Thanks to the internet, making a character literally could not be easier. If you’re just trying to get started quickly just head on over to D&D Beyond! From here, you can create a character with just a few clicks of a button. It’s super quick and does pretty much everything for you. It has a few downsides, however. You will have limited character creation options if you haven’t purchased any of the books through their store. Additionally, I don’t think this method does a good job of teaching new players why things are the way they are. For example it doesn’t directly explain where the numbers for initiative bonus or weapon attack bonus originate.
Ah yes, good old fashioned pen and paper! To do this method, you’ll need a couple of different things:
I have found that this method, time and time again, is vastly more time consuming (60+ minutes from start to finish for one player) however the players end up with a much better understanding of their character and of the game mechanics. Plus it’s a lot more fun!
The rest of this article will focus on my general method for walking new players through the old way of character creation. I’m gonna try to lay out a road-map for you to help them, however I have heard that WotC is very protective (read: litigious) of their character creation process. So basically I’m going walk the line between vague and helpful. Hopefully enough information to still be helpful, but not enough to actually create a character. Okay here we go!
A General Process
If you’re pretty familiar with the character creation process, here’s the streamlined order that I would do things when helping a new player:
- Roll stats, wait to assign
- Pick race, write down stat bonuses
- Pick class
- Assign stats
- Calculate HP
- Write down all Proficiencies and Racial Traits
- Choose starting equipment
- Calculate skill bonuses
- Explain class
I’ll now go into this with a little bit more detail, but that’s pretty much the process that I follow. I really don’t know if it is the best way, it’s just the order that I’ve found myself using over and over.
1. Roll stats, wait to assign
First things first, you should probably tell them about each of the six main stats and what they mean during actual gameplay. This obviously isn’t a fully inclusive description of each, but it’ll give them a general idea if you’re not sure what to say.
- STRength – melee weapons, athletic stuff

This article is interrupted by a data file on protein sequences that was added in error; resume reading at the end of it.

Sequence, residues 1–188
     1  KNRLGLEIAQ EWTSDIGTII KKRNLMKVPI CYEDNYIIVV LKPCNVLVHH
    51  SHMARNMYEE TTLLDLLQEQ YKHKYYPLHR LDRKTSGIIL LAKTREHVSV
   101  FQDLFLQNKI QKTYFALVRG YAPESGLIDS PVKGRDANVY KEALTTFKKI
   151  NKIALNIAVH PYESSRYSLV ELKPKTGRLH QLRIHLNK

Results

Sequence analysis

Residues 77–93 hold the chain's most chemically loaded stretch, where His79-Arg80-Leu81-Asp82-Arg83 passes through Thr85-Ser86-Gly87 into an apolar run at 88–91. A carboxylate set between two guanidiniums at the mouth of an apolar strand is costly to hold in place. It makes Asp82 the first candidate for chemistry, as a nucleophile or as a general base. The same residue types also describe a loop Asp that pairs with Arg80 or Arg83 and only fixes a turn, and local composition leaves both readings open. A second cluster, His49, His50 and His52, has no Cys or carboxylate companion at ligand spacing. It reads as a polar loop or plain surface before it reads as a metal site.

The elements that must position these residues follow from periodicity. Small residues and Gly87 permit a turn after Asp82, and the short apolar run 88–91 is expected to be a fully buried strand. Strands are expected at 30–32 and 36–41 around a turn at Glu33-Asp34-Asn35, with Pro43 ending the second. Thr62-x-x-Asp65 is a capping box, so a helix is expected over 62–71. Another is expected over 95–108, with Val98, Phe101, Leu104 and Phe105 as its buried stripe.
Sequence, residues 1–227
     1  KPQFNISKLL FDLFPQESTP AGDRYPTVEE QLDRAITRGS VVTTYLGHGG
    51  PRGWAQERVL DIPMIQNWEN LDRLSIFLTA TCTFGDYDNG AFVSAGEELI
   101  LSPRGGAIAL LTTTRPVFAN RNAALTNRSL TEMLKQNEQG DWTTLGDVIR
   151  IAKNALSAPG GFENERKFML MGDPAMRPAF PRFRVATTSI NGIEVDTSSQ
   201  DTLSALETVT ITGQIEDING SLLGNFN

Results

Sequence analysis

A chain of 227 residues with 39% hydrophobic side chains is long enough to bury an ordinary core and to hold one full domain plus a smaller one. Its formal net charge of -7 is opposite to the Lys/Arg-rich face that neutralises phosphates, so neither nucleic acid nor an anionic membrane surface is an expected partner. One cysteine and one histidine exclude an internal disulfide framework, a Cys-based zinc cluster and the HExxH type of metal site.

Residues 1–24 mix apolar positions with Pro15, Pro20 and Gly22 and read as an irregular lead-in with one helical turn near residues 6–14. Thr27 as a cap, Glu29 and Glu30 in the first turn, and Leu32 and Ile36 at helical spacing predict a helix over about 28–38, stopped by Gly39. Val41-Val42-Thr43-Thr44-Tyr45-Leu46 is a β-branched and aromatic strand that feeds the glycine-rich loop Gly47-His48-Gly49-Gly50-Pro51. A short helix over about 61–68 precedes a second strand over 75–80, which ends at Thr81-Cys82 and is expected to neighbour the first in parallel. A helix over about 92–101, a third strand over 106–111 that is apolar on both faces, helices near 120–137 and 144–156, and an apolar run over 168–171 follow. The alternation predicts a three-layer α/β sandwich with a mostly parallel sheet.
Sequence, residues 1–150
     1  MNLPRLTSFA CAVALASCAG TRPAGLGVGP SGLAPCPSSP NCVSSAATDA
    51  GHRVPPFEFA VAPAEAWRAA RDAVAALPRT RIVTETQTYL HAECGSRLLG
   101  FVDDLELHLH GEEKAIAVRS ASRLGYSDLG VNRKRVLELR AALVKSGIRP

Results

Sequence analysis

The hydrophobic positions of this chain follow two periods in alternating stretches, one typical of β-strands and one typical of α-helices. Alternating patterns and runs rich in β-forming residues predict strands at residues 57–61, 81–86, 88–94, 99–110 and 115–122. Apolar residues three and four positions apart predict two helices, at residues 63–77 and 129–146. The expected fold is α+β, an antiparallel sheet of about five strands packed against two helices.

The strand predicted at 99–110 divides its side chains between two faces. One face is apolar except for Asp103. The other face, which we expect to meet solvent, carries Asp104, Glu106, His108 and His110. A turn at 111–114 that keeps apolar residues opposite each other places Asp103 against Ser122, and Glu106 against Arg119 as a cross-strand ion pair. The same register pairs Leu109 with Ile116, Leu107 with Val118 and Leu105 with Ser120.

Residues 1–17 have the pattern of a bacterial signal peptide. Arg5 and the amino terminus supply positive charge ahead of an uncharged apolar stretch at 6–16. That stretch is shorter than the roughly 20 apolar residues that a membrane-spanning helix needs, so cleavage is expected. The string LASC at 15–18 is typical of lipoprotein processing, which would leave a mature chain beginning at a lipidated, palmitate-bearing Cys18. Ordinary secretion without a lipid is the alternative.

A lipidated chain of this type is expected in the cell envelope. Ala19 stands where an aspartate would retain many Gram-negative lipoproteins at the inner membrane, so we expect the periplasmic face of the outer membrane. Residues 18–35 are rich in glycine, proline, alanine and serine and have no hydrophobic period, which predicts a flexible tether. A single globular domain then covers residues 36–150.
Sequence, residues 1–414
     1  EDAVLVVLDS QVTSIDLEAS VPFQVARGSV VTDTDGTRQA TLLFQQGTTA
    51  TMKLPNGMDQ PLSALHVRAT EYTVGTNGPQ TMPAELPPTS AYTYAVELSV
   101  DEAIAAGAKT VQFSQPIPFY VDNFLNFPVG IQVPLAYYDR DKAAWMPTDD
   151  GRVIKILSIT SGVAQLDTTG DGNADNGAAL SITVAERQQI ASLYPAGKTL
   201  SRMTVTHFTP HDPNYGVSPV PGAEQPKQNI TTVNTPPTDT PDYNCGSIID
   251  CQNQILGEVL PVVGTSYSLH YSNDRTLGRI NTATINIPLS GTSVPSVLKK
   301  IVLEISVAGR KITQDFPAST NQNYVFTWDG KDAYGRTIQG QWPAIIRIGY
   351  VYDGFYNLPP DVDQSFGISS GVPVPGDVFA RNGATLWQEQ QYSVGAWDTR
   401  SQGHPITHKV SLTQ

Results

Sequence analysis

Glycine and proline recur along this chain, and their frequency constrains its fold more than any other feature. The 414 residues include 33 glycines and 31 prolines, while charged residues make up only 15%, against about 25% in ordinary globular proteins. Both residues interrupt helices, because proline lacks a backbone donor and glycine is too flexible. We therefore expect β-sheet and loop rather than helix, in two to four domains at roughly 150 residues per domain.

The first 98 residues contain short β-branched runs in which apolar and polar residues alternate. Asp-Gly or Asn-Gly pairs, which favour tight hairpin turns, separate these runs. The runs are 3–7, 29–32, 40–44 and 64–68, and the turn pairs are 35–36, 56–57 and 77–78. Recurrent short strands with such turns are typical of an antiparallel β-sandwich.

- DEXterity – ranged weapons, sneakiness
- CONstitution – more hitpoints
- WISdom – noticing things
- INTtelligence – history and nerd stuff
- CHArisma – social interactions
As far as actually rolling stats I write out 1-6 in a column on the scrap paper. Now for each row, have them roll a d6 four times and cross out the lowest one. Then have them write the sum to the right. Rinse and repeat for the remaining rows. They don’t have to actually roll all of their stats. You could have them do standard array or point buy if that’s your thing, but I’ve always actually rolled because why not.
1) 3 2 6
24 4 = 13
For right now, these are just going to be some numbers on a piece of paper. Before you have them assign the stats, they’ll want to know a bit more about the character they’ll be playing.
2. Pick race, write down stat bonuses
Now it’s time for them to pick a race! This is a super exciting time for first time players. There’s so many cool options which unfortunately means that this step can take quite a while. There’s tons of lore about each of the races in this section, and eventually it would be great for them to read. The more familiar they are with general fantasy, the easier this should be for them to choose.
After they pick one, we want to jot down a few of the most important things onto our scrap paper. This includes Ability Score bonuses, Speed, Size. There is other important information, but I usually come back for that later. You’re probably aware that sometimes there will be options for a subrace, so be sure to have your new player pick one of those if they need to.
3. Pick class